Sand Animations from Giselle and Nag Ansorge (1967-1991)
Animated Shorts created by frame by frame animation of sand
Language: minimal French
DivX avi rip from VHS -reasonable quality
Director: Giselle and Nag Ansorge
Giselle and husband Nag Ansorge create some of the most evocative sand animations ever produced.
Gisèle Dietrich was born on 9 February 1923 in the French Jura. Although she wouild have preferred to study art, she studied pharmacy in Lausanne. She finished her studies in 1948.
Ernest Ansorge was born in Lausanne on 28 February 1925. He hated his first name, choosing instead the nickname Nag, which originated from his early days as a boy scout. Nag studied at Lausanne's Ecole Polytechnique Universitaire and graduated as an engineer in 1951.
Nag met Gisèle and the couple became increasingly interested in the cinema. They decided to make marionette films after seeing Jiri Trnka's famous Czech Legends.The couple married and settled in Zurich in 1952, where Nag was already working as a mechanical engineer. Zurich at the time was a hub of film creation in Switzerland; this influenced the Ansorges' decision to enter film making.
Nag spent time working with mental patients at Cery Hospital between 1961 and 1981. The patients worked on both animated and live films with him. This contact provided the couple with much of their unique stream of conscious, surreal subject matter.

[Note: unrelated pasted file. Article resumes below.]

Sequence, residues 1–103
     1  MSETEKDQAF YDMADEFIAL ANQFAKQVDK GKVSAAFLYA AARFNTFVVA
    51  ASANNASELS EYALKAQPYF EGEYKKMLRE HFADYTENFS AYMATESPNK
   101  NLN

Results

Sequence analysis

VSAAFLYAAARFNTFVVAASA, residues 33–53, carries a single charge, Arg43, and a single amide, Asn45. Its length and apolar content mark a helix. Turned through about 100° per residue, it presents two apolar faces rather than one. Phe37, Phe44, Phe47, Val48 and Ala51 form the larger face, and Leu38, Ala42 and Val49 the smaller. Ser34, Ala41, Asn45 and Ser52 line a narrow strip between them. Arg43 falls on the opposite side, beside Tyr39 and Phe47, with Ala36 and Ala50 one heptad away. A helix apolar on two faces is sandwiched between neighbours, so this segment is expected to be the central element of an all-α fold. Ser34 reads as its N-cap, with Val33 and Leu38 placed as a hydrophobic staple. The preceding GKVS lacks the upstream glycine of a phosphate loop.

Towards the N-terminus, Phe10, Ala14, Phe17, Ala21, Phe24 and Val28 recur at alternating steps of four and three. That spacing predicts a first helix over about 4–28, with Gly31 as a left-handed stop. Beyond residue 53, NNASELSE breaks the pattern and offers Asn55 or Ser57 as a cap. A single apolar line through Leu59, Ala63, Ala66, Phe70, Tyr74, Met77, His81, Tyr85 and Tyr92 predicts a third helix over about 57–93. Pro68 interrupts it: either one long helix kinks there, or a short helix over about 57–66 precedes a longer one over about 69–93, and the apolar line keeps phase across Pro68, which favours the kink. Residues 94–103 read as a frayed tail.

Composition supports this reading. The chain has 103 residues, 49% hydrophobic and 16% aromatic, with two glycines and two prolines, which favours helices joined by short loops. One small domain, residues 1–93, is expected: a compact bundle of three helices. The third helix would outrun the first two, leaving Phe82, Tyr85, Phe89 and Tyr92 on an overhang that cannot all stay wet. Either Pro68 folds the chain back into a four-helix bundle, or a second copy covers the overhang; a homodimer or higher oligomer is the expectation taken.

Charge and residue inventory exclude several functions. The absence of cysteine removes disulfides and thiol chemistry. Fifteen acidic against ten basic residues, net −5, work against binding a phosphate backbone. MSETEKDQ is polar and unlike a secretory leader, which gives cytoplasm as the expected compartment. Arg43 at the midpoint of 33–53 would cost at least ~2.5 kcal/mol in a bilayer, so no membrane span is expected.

Extract from article Animated Films In Psychiatry
The Psychiatric Clinic of the University of Lausanne
Cery Hospital, 1962-1981 by Nag Ansorge
In 1962, I had just finished filming a documentary about the new buildings of the Cery Psychiatric Hospital near Lausanne, Switzerland when Professor Muller suggested the idea of acquiring a 16 mm camera for his patients.
"What could you do with a camera and some patients?" he asked me. A little infatuated with the idea, I said, "I'm going to try to do something... The experiment interests me. How will I introduce myself to a group of patients that I don't know at all?" However, I have to say that after the first 30 seconds, my infatuation was satisfied. I asked the first group of patients, "Do you have anything to say or show by means of a camera?" There was hardly a moment of silence. They all suddenly said, "Yes, there's something to say." My experiment lasted 19 years. Thirteen films were made, from 10 to 20 minutes in length, of which eight were animated.
A Life Altering Experience
On a personal level, this activity was a revelation for me. Since I didn't represent any medical authority, my relationship with the patients gradually became very direct and friendly. The way in which the patients analyzed things and made judgments allowed me to learn to know myself better. I discovered a world profoundly human, which had to work with very great suffering, the intensity of which is hard to imagine.
These films should not arouse compassion, but rather an interest and a sense of active conscience in the face of the mystery of mental illness. The discovery of this thrilling milieu has certainly greatly influenced the themes treated in the films Gisèle, my wife, and I made.
1967 - Les Corbeaux
1969 – Fantasmatic
1970 – Alunissons
1975 - Le Chat Caméléon
1975 - Smile 1
1975 - Smile 2
1975 - Smile 3
1977 – Anima
1982 - Das Veilchen
1984 - Les enfant de Laine
1988 - Le Petit Garçon que Vola la Lune
1991 - Sabbat